Saturday, December 29, 2012

Trying to Get Ahead...

Hey bloggies!

With our school switching to common core this year, I think that **finally*  after about 1 1/2 weeks off of work, I have caught up.


Maybe Not.  

But, I feel ahead of the game because my math games for February are all made and ready!  (and my house is clean!!!)  I created a Valentine's Day Math Centers packet that is for sale on TPT for only $4!  Check it out!  The games review the topics of multiplication, multiplication and division fact families, rounding, and telling time.  Anyway, I hope that your break was wonderful and that you did NO work, like I wish I could have!

Valentine Math Centers


Sunday, December 23, 2012

3rd Grade gets Grinchy....without a camera!?!?

It's the most wonderful time of the year!!  And no, it is not summer break!  I actually enjoy Christmas break a LOT more than summer break, for quite a few reasons:

1.  I only need about 2 weeks to regenerate....2 months leads to boredom and unnecessary spending.
2.  Time with family
3.  My husband is off work for a few days
4.  Fun dresses for parties
5.  Pea Coats
6.  Presents:  hubby's birthday, our anniversary, and Christmas
7.  The crazy chance that there COULD MAYBE be a dusting of snow

Need I say more?  Christmas break is just my favorite!  

Over the past couple of weeks I have been doing a lot of super fun different Christmas activities from my classroom, and unfortunately, have not had a camera to capture every moment...blah.  That being said, here is the recap of Christmas in 3rd grade using pictures from the actual creators of the ideas!  Click the link below each picture to visit the website from where I got my idea!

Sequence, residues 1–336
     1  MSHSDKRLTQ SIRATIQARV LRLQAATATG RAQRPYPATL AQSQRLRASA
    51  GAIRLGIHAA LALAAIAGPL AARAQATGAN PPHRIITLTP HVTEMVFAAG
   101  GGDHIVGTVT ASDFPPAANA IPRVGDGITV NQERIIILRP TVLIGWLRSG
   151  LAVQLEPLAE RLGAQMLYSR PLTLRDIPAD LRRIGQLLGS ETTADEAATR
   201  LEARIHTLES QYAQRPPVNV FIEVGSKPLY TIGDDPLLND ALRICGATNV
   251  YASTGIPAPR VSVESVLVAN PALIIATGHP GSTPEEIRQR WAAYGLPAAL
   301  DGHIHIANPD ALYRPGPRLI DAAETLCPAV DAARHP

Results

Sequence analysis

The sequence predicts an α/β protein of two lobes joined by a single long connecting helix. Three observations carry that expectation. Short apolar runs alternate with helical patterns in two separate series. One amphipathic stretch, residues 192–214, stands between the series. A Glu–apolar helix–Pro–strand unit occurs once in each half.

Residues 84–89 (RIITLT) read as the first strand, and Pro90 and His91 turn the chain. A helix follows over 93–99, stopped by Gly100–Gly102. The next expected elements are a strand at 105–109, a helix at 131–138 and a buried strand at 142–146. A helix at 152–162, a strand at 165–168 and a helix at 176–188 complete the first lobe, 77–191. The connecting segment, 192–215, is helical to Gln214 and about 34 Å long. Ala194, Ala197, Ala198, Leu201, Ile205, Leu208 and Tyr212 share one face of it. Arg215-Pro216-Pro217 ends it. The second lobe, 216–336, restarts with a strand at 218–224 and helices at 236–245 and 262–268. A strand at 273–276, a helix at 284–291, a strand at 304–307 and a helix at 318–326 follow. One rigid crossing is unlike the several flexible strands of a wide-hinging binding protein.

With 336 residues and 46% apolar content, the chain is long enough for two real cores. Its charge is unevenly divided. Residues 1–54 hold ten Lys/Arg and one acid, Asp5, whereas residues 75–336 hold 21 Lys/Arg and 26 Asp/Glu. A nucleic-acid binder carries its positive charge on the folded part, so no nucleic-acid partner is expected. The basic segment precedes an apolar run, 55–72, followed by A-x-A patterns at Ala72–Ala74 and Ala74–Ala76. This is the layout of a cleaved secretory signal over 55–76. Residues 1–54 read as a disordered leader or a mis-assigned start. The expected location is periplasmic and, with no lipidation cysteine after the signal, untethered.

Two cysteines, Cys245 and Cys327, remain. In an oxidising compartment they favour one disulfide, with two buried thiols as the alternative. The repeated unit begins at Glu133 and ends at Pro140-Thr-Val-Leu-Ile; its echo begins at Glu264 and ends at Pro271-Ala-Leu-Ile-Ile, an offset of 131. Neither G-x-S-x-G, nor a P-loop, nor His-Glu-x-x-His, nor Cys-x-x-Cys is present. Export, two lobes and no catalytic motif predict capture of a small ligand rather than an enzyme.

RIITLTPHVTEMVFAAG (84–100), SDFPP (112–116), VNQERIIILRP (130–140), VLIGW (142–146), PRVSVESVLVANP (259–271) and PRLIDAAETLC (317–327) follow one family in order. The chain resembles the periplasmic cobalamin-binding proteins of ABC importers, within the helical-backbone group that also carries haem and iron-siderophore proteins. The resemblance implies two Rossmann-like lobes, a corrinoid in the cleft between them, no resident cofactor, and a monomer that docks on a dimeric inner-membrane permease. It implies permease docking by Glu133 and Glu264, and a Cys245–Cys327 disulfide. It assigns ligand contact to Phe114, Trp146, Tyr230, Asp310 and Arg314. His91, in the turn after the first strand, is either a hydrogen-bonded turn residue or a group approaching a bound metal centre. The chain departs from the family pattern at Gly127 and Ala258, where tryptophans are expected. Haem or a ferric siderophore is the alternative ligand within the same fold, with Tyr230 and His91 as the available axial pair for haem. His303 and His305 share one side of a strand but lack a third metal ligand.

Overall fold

Grinch Day!!

I decided this year to give "Grinch Day" a try, and it actually ended up being more of "Grinch Week".  I had to spread out the activities so that I could spend an adequate amount of time on each one!

Math-3rd grade is currently working on multi-step problem solving (I know you feel my pain here...), and it is so hard!! I chose to use a homemade powerpoint using Grinch themed questions and images to help motivate.  The kids thought it was a hoot!  

Reading-  We started out with a lesson on character traits, and I took this idea from Teaching in High Heels. First, you read aloud the book How the Grinch Stole Christmas, and then you work as a class to come up with character traits to describe the Grinch.  In the idea online, she used adjectives:

Grinch adjectives
The next day, we had a mini-lesson on similes and metaphors from the song "You're a mean one, Mr. Grinch".  LOVED this activity!!  That song is full of metaphors, with a few similes too!  The students had a paper copy with the lyrics from the song, and had to highlight the similes and metaphors in two different colors of highlighters.  Then, each kids wrote an acrostic poem using the letters GRINCH, and writing similes to make up the poem.  They had a great time with this, too!  We also made paper grinches to go along with the poem.  In case you need a refresher: